I’ve just spent the last nine months at the American Enterprise Institute finishing my new book, Freedom’s Forge, the story of how American business built the arsenal of democracy in World War II on free-market principles, and not only won the war but triggered the greatest economic boom in world history. It’s amazing how many lessons the story offers for understanding what’s wrong with American business today.
Consider, for example, the tale of two CEOs of what was once the greatest automobile company in the world. One is General Motors’ current CEO, Dan Akerson, who last Monday told the Detroit News that Congress needs to slap a dollar-a-gallon tax on gasoline. That way Americans won’t buy as many gasoline-powered cars and will be forced to turn to alternative vehicles instead. That’ll be good for the environment, he claimed. But it will also be good for sales of his Chevy Volt, which, despite a hefty government subsidy, has more wheels than buyers.
The idea of an automaker proposing ways for Washington to squeeze his customers’ wallets raised a lot of eyebrows. Of course, what can we expect from the CEO of a company still one-quarter owned by the government after the 2009 bailout? (Akerson, by the way, thinks Obama has “done a pretty good job on the economy” and wants him to “increase taxes on everybody — including the middle class and the rich people.”)
But Akerson’s remarks are also a sad commentary on where the heads of too many business leaders are these days, and on a corporate culture that was all too willing to let General Motors turn into Government Motors. That’s why the story of former GM CEO Bill Knudsen makes such a refreshing contrast — the story of the man who made General Motors the greatest automobile company in the world.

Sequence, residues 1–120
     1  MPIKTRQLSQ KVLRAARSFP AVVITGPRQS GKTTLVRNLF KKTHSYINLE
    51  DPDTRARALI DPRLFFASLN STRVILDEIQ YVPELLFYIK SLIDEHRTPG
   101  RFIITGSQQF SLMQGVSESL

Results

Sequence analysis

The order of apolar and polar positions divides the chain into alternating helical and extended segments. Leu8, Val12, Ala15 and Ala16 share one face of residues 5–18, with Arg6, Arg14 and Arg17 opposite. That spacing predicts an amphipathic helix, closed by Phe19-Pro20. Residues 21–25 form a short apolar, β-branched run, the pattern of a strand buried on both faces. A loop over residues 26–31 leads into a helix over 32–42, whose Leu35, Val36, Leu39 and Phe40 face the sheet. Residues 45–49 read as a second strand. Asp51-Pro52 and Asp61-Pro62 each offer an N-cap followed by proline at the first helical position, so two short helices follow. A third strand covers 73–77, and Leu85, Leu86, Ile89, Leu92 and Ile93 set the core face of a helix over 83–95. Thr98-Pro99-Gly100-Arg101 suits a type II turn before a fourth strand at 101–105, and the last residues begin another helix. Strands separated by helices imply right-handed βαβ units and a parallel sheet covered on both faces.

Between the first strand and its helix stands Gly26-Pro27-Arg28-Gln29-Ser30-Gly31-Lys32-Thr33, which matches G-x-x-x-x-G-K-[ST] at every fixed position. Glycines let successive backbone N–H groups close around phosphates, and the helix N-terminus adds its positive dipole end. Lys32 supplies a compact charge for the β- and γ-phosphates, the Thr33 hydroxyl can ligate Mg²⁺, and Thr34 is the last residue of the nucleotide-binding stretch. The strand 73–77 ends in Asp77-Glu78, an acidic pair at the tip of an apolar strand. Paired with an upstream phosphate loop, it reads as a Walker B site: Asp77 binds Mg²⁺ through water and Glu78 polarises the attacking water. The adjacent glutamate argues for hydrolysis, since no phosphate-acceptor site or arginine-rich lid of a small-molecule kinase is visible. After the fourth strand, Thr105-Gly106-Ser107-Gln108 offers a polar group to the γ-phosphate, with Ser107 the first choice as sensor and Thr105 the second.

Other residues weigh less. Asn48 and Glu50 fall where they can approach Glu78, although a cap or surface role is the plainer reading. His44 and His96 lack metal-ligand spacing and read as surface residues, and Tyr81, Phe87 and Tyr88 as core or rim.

William Signius Knudsen arrived in this country as a Danish immigrant and started work with a gang of Irish riveters in a Brooklyn shipyard. Then he moved to Buffalo to work in a bicycle factory, making parts for Henry Ford’s Model T. Ford was so impressed with Knudsen’s skill in organizing the shop floor that he brought him to his Detroit Highland Park plant in 1913, where Knudsen turned the mass-production technique Ford had created there into a flexible system that could be set up anywhere. Knudsen built more than 20 Ford plants around the country and in Europe. Then in 1922 he moved to GM, where he used the same flexible mass production to introduce the idea of annual model changes for cars.
Knudsen’s idea revolutionized the American auto industry. It turned Chevrolet from GM’s biggest money-loser into its lead division, surpassing Ford in sales in 1931. Knudsen’s success enabled GM to weather the Great Depression; even after Knudsen stepped down as CEO in 1940, Chevy continued to beat Ford every year but two until 1986. If any single person made GM the greatest corporation in the world, it was Bill Knudsen.
He did it all with no government subsidies or loans. He saw his duty as making a better car at a lower cost, not asking Washington to raise his customers’ costs. During a long and punishing strike by the United Auto Workers in 1937, what impressed UAW attorney Lee Pressman most about Knudsen was not his understated negotiating manner, or the fact that he was the one GM executive who seemed anxious to end the strike.
It was how the sight of his beloved auto plants and machines sitting silent gave Knudsen almost physical pain.
“We build things in America,” Knudsen said. “That’s why most of the world is looking toward us.” He also said, “The foundation of any company is its ability to make money.” He saw that the way to do that was by beating his fellow carmakers, not the American consumer.
The contrast with Akerson couldn’t be more striking, or more instructive about where we once were — and where we need to go again.
— Arthur Herman is a visiting scholar at AEI. His previous book, Gandhi and Churchill: The Epic Rivalry That Destroyed an Empire and Forged Our Age, was a finalist for the Pulitzer Prize in 2009.